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The revocable, or “living,” trust is a way to avoid probate and, potentially, save taxes at death. A revocable trust has certain advantages over a traditional will, but there are many factors to consider before you decide if a revocable trust is best suited to your overall estate plan. There are certain administrative tasks that come with acting as trustee of a trust, whether it is during the life of the Settlor or after his or her death.
A revocable trust is a document (the “trust agreement”) created by the “Grantor” or “Settlor” to manage assets during their lifetime and distribute the remaining assets after their death. The person responsible for the management of the trust assets is the “Trustee.” Typically, the Settlor initially serves as Trustee, or may appoint another person, bank or trust company to serve as Trustee. The trust is “revocable” since the Settlor may modify or terminate the trust during his or her lifetime, as long as he or she is not incapacitated.
In order for the trust to work properly, the Settlor must “fund” it by transferring his or her assets (bank accounts, investments, real estate) into the trust. This requires changing the ownership of the assets to the trust, sometimes referred to as re-titling. Assets not properly transferred to the trust may be subject to probate. Not all assets should be titled in the trust, however, due to income tax issues.
During the Settlor’s lifetime, the Trustee invests and manages the trust property. Most trust agreements allow the Settlor to withdraw money or assets from the trust at any time, and in any amount. If the Settlor become incapacitated, the Trustee is authorized to continue to manage the trust assets, pay the Settlor’s bills, and make investment decisions. One of the advantages of a revocable trust is that it may avoid the need for a court-appointed guardian of a person’s property.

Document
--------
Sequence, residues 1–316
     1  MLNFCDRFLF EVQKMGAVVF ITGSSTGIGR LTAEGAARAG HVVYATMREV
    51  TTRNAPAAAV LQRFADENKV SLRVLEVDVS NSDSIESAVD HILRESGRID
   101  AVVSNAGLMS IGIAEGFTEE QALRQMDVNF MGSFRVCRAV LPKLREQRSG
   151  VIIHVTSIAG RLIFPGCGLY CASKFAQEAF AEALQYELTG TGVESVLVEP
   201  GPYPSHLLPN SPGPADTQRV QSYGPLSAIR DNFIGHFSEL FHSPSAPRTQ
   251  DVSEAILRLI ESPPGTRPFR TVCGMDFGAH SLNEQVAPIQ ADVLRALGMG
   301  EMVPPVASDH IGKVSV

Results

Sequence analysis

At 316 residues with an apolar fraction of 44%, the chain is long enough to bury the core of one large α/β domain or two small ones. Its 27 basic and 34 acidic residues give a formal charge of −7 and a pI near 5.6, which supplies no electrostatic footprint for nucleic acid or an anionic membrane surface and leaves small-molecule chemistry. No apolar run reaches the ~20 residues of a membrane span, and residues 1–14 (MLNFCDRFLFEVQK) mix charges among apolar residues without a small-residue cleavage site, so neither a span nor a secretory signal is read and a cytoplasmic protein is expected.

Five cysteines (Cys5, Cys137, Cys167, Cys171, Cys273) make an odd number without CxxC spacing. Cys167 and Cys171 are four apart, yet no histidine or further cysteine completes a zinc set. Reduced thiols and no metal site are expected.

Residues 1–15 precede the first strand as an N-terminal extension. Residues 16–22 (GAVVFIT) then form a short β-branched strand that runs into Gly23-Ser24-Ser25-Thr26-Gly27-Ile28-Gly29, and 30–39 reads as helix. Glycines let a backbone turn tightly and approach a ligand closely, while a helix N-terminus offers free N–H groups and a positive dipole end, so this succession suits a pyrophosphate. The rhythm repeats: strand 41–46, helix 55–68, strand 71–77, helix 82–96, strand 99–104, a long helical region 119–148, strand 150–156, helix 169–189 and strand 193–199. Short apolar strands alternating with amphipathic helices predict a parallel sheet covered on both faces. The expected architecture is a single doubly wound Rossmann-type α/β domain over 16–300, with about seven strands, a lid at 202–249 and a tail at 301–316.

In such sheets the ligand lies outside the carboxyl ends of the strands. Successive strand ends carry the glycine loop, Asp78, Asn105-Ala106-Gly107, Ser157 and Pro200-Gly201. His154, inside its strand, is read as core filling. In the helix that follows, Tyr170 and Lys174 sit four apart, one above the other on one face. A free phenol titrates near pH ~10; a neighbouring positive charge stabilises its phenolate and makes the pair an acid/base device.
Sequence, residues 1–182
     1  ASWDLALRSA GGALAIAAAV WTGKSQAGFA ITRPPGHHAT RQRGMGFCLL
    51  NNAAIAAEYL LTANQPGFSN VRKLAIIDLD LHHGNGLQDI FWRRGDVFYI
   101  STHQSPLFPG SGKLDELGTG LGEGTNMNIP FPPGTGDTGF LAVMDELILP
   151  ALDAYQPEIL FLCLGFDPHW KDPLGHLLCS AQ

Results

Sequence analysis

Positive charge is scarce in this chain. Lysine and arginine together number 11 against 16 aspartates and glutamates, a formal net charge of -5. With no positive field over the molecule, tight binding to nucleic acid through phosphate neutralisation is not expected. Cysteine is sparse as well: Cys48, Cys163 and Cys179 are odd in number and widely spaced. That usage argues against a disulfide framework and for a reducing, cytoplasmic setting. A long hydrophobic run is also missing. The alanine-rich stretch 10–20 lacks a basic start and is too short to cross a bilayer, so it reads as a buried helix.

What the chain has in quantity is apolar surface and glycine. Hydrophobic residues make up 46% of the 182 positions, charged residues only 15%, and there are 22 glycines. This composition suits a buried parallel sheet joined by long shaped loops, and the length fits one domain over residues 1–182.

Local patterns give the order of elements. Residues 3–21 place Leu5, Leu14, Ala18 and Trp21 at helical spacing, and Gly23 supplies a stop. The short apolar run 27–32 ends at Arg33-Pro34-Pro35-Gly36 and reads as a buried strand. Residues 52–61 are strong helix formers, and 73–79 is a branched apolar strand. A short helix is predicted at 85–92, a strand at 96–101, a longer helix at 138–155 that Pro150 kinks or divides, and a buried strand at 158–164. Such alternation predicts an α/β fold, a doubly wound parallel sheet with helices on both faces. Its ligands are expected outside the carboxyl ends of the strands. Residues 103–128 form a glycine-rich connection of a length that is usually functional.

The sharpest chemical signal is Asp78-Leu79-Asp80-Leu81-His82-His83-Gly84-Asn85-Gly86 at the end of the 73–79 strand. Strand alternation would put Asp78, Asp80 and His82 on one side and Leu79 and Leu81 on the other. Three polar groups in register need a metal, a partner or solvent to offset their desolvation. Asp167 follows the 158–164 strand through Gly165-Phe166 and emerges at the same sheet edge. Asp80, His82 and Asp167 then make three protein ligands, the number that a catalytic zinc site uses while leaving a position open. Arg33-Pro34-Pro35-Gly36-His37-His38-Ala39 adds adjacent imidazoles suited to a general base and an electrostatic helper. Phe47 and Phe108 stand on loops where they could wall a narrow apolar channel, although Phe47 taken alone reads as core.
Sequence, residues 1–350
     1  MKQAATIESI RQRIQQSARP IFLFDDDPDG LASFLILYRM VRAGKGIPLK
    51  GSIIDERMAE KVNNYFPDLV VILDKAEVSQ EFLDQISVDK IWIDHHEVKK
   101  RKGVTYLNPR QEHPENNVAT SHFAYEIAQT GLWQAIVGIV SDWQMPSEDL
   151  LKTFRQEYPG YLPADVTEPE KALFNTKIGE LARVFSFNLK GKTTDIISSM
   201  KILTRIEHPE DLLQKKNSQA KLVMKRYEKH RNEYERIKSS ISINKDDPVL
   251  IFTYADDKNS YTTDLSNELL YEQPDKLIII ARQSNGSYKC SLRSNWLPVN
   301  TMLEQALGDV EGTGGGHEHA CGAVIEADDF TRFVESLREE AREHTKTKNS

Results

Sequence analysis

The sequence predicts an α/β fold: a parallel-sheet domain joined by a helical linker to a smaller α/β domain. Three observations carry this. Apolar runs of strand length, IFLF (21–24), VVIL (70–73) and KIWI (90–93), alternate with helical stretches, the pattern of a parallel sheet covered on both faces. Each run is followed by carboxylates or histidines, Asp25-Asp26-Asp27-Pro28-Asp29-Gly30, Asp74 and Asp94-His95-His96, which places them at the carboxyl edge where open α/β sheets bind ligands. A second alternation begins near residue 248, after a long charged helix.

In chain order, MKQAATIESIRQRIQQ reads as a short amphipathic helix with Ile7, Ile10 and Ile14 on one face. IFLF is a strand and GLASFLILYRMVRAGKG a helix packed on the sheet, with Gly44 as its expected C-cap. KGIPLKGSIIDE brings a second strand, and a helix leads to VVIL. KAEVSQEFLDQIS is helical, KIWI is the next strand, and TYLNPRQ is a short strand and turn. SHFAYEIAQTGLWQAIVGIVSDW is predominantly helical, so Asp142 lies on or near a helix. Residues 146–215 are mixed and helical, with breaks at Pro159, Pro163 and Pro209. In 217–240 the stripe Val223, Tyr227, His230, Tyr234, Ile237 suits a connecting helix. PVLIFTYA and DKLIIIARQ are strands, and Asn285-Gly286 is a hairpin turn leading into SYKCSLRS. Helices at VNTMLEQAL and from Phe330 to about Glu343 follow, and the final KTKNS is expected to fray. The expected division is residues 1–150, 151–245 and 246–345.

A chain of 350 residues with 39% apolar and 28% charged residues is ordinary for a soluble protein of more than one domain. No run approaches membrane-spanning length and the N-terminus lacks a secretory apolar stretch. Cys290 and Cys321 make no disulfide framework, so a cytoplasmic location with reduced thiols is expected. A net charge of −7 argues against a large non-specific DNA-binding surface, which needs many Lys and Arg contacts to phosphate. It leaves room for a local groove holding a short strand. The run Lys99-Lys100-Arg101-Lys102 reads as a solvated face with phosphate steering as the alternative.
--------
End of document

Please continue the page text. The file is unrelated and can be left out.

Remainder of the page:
Upon the Settlor’s death, the Trustee or successor is responsible for paying all claims and taxes, and then distributing the assets to your beneficiaries in whatever way the Settlor put forth in the agreement. Serving as trustee involves significant responsibility. The prudent investment of trust assets is not a trustee’s only responsibility. The Trustee’s exact powers and duties will depend on the instructions in the trust agreement. But, in general, the Trustee will:
- Hold trust property
- Invest the trust assets
- Distribute trust income and/or principal to the beneficiaries
- Make tax decisions
- Keep records of all trust transactions
- Issue statements of account and tax reports to the trust beneficiaries
- Answer any questions you and the beneficiaries may have concerning the trust
A Trustee is a fiduciary and must follow a strict standard of care when performing trust functions. That is why is important to seek counsel when acting as a trustee—proper advice from an attorney avoids liability and issues down the road.